We will always advocate the free agent life here at KindredHQ. As far as we are concerned there is no contest.
But the reality is that sometimes the choice becomes much harder. Every freelancer, no matter how talented they are, has periods of time when there is no work. Sometimes that’s a week or so, other times the fallow period can feel like it’s forever. It is the single most stressful thing that you have to contend with when you are freelance.
If you’re like me, you become obsessed with finding work. You manically run around applying for anything vaguely suitable, while your confidence falls through the floor. It’s at moments like this when, despite all your freelance success to date, you will seriously consider going back to a permanent job.
In the early days of his career as a writer, Paul Theroux hit a fallow period, in his case this was due to writer’s block. Terrified that he had lost it, he sought advice from a friend, and got this reply:
“Dear Paul: The essence of the freelance life is freedom. Idleness is part of freedom and should not alarm you; you will find soon enough that you have more than enough on your plate. Relish these periods of rest. To be a freelance it is also necessary to believe, to know, to know profoundly that one is going to be all right—however unlikely it seems at any particular distressing moment. This faith your friends cannot give you; it is something you have to discover for yourself.”
Wise words, eh? But it is so difficult to do when you have bills and perhaps, even a mortgage. Despite having a reputation for late mornings, daytime TV and high levels of procrastination, most of the freelancers I know have a real work ethic. We were all indoctrinated that the new business pipeline must be kept full and flowing. No sitting about feeling sorry for yourself allowed.
I bet that all of us have sought to fill the shortest of spaces with work that doesn’t necessarily tick the box with regards to our freelance career development, just because it means we are working.
There’s a fine line between character building and soul destroying. (Colin Hay)
Sometimes however, things can get so scary that we contemplate a full time, permanent job. Plenty of us have given up on the dream for the apparent security of a full time job. At times like this, it doesn’t feel like freedom. It can be debilitating.The reality—or illusion—of being able to control one’s time ranks at the top of the list in virtually every survey of job satisfaction. Like Paul Theroux, most freelancers find it emotionally, if not financially, difficult to be unproductive when the whole point of freelancing is to be productive.
That’s why you should think twice about accepting a full time, permanent employee position. Because having experienced being in control of your own destiny, it is almost impossible to go back into corporate life. Well, not impossible, but you will feel compromised every single day.
The way to deal with fallow periods, particularly when you are new to freelancing is to have a plan in your back pocket that you can execute when you need to.
1. Developing your profile
When you are busy we tend to get our heads down and get through things. But for most of us, especially these days when people will search for you online, you need to keep your online profile up at the top of the Google page when people are searching for someone with your skills. Even if you are a digital naysayer, then you need to keep your name top of mind, usually best done by friends and colleagues who get asked for recommendations.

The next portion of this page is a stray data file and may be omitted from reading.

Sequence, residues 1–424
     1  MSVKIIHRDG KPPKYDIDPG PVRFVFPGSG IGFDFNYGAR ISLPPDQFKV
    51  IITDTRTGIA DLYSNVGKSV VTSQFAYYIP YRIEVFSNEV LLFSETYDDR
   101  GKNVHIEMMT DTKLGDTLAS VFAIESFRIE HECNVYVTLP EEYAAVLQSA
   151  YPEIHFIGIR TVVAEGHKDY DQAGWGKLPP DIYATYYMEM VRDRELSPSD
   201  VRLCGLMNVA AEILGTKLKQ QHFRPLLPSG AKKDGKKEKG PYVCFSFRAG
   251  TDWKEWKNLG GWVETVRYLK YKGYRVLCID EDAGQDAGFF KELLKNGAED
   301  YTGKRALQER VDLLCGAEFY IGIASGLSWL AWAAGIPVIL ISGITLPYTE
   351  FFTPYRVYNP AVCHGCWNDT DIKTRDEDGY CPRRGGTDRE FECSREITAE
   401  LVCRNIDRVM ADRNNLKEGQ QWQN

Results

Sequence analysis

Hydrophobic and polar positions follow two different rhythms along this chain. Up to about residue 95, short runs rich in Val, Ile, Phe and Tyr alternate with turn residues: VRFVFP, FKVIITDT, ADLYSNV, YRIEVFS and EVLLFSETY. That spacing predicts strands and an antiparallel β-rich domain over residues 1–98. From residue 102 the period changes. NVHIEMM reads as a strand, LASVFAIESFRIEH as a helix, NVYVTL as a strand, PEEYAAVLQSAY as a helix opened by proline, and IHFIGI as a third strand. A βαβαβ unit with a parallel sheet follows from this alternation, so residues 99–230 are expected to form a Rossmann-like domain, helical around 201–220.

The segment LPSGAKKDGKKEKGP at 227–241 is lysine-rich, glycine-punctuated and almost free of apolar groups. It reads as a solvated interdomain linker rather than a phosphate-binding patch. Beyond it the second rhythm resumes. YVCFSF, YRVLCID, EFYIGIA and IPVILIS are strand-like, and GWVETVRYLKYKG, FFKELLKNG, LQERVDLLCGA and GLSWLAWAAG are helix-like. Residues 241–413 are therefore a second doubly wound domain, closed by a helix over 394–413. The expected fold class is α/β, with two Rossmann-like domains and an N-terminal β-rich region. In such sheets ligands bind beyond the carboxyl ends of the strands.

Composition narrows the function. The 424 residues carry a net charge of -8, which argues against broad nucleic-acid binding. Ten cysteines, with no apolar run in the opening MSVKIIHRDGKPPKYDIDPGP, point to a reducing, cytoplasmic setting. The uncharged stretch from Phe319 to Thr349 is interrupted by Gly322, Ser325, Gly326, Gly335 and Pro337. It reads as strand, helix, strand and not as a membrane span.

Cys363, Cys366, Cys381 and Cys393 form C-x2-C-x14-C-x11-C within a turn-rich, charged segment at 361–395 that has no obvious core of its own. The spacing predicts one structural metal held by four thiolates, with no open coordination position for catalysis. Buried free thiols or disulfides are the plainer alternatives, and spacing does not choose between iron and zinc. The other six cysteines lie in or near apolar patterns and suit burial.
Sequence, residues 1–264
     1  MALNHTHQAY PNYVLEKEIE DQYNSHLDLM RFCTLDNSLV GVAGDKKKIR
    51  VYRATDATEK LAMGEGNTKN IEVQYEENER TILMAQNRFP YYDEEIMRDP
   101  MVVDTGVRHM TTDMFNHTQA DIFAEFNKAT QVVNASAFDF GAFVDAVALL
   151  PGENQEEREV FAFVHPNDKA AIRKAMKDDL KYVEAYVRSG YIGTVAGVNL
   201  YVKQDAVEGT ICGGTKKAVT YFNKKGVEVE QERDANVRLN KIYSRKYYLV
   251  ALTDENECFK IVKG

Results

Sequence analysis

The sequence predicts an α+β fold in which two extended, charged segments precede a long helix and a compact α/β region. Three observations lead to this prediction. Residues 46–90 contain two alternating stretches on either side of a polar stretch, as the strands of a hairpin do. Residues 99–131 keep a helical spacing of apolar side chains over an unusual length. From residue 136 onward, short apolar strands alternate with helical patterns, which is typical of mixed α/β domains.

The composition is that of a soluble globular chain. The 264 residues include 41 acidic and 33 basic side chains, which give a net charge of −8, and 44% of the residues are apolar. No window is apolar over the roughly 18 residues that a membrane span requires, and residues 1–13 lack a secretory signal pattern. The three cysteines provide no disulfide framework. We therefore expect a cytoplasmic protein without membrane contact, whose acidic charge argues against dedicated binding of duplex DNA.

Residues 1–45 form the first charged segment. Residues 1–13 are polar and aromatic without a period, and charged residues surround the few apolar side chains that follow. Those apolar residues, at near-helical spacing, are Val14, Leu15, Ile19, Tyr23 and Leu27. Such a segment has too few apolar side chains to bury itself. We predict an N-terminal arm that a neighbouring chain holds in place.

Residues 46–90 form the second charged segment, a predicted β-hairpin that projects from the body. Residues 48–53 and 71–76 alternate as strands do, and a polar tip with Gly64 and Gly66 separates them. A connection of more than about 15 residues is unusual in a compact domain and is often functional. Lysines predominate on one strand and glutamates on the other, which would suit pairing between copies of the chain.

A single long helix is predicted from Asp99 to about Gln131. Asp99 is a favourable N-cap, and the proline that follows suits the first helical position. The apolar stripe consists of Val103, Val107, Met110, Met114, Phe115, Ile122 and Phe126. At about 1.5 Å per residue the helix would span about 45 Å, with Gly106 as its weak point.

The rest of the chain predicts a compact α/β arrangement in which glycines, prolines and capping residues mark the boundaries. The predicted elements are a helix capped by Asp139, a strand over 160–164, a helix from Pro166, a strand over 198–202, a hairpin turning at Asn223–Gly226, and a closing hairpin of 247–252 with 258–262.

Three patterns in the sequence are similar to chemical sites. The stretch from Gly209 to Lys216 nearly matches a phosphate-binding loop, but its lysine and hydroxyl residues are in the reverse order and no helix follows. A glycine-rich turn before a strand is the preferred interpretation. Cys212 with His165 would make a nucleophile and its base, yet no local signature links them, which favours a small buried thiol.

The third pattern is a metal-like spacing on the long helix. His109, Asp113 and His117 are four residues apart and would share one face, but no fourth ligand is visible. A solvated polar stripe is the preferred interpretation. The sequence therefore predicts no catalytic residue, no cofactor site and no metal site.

Write several guest articles for prominent blogs in your industry – hey – write for us! It’s amazing how that can improve your rankings quite quickly.
And comment on interesting articles in your field. Not only will reading others’ articles help you learn new things, it will also get your name out into the community as an expert. Twitter and Linkedin are good for this too.
2. Don’t let the days slip away
Sometimes not having any client projects or work can freeze us. You start the day with the best of intentions, but somehow end it not feeling like you’ve achieved much.
The key is to take small steps, not to try and tackle anything too onerous. Take One Man Band Accounting’s advice and spend an hour or so putting those receipts in your tax envelope, make sure all clients have paid their invoices and get your accounts in order.
Prune your website so that it looks polished and current. Stick in some newer projects and update the design. Promise you’ll feel better for it.
3. Expand your mind
You know how important it is to stay current and on top of your game. When you are busy, that can feel overwhelming. But what about using this down time to learn new stuff. I took a Code in a Day course, something that I’d always wanted to do. It doesn’t have to be something that is relevant to your profession. The whole point of this is to expand your horizons and improve your general literacy. Do something completely different.
4. Take a break
When was the last time you took holiday? No, I mean really took holiday. It’s important to take a break off every few months and recharge, see people you haven’t seen for a while, reconnect. Your next assignment will wait, at least for a week. And if you are stressing that much about going away, spend a few hours planting some seeds to germinate while you are away.
If you have exhausted all other options and you accept the offer of permanent employment in order to recharge your bank account, see it as just that. A straightforward contract which is about exchanging your time for money. Just because the employer sees it as permanent, you don’t have to. Arguably, seeing a job as transient will make you way more effective because you will be on a mission to prove your worth every day. Just like when you freelanced.
And you’ll be aching to get back to it.